Currently, for consumers, sign-in flows on websites begin with a login screen that provides the user options to use federated identity, as illustrated in the mock below. Today, clicking the button for an IDP relies on general purpose primitives (typically redirects or popups) to an IDP sign-in flow.
There is a wide set of privacy and usability goals for identity sharing on the web, but early on we ran into better understanding the structural deployment of federation on the web, specifically the properties that make different activation/adoption strategies more or less plausible.
For example, it is clear that there are relatively few public IDPs in use (say, tens), particularly in comparison to the number of RPs (say, millions) and their users (say, billions). A structural change that only requires adoption by IDPs and no changes or engagement on the part of RPs and users is significantly easier compared to redeploying millions of RPs or retraining billions of users.
Fortunately, in more cases than not (by our estimates, about half of the deployment), RPs implement federated identity importing a script provided by - and under the control of - IDPs, giving us a major deployment vehicle: IDP SDKs loaded into RPs.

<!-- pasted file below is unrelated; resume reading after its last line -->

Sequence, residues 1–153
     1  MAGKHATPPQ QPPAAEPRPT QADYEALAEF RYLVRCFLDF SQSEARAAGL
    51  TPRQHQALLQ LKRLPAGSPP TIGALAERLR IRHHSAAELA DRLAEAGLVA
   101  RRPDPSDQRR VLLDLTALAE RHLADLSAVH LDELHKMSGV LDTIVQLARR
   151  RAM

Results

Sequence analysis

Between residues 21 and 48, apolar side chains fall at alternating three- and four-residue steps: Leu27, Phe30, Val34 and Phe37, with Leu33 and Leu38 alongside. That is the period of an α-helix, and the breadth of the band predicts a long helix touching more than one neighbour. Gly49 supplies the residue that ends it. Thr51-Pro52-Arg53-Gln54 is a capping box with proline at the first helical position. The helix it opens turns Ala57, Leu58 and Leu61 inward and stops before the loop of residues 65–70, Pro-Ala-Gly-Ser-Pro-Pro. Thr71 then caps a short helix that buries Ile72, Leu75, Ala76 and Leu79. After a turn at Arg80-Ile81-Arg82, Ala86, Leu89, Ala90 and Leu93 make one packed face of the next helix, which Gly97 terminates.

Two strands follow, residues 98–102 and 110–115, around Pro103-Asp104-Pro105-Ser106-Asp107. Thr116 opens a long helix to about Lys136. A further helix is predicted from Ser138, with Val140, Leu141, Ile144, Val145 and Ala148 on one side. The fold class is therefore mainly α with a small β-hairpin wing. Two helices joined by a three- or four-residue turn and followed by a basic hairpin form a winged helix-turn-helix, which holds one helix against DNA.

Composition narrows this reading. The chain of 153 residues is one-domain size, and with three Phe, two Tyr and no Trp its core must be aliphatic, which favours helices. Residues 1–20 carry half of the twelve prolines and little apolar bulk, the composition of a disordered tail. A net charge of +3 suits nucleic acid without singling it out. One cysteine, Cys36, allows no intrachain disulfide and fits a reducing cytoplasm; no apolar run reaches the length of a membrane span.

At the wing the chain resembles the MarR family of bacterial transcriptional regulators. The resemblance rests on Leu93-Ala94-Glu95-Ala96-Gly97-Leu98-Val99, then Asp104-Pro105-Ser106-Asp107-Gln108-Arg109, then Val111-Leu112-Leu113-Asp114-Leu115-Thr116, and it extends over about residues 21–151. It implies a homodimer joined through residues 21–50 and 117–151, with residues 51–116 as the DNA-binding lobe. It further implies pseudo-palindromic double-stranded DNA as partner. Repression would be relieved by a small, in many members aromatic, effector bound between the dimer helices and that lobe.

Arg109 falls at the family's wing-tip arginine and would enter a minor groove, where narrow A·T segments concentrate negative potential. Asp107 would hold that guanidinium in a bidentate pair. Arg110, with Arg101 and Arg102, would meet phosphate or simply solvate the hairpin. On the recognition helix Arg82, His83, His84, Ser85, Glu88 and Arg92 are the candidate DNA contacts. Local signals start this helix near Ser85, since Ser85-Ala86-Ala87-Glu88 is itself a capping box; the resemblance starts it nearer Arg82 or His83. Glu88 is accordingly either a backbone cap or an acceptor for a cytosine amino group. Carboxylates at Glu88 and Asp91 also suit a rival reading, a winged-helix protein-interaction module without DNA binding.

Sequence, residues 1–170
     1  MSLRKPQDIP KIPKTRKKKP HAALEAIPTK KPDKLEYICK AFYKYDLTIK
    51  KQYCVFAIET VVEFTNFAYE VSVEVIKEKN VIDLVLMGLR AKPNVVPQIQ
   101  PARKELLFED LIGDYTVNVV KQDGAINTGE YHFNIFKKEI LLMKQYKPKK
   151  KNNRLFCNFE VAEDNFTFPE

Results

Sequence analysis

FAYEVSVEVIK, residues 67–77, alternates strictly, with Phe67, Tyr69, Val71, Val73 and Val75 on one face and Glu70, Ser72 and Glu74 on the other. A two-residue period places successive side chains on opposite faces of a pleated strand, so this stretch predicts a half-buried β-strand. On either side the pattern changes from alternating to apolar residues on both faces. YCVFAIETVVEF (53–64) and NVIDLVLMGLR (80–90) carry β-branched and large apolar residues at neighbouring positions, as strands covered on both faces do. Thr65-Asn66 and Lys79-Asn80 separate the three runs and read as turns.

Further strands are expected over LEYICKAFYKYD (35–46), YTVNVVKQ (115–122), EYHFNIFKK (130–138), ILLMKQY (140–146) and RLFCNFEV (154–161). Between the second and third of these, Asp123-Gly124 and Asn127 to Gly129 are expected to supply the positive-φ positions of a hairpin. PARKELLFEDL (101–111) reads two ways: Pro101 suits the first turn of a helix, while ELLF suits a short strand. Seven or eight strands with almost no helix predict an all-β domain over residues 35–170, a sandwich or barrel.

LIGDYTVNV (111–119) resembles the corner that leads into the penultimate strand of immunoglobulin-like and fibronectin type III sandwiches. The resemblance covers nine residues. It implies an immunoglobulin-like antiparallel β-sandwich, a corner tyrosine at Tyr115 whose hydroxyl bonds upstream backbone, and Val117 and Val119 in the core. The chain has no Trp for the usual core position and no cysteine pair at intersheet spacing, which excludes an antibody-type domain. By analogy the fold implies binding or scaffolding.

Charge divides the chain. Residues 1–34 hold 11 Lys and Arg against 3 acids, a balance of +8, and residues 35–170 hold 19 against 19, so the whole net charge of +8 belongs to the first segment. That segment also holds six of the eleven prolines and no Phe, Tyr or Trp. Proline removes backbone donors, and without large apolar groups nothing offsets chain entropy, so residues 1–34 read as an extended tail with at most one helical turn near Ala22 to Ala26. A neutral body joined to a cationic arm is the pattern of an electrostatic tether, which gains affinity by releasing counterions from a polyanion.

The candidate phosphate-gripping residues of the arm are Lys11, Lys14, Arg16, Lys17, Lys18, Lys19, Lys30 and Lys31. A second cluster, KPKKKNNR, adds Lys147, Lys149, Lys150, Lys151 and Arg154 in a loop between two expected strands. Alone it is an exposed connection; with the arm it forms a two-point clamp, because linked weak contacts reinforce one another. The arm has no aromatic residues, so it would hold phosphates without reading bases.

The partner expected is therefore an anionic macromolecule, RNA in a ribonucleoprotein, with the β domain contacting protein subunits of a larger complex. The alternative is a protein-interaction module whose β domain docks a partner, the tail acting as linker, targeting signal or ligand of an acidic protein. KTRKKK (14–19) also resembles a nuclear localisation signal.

Nonetheless, while much of the client-side code is under the (few) IDPs to control (e.g. we can replace redirects by other means), all of the server-side code is under the (many) RPs to control, meaning that that is significantly harder to change (say, years). The cases where RPs implement federated identity without a dynamically loaded SDK will have a longer deployment window and will be discussed separately.
Likewise, changing user behavior and norms is hard because of the number of people involved (say, billions). Unfamiliar login flows could result in users declining to use federated options, and instead opting for username/password credentials during RP account creation. To address that, this proposal aims to provide an experience that minimizes the divergence from existing federated identity user experience as much it possibly can (e.g. introducing new user decisions to be made).
So, with this deployment constraint in mind, let’s look at some alternatives under exploration.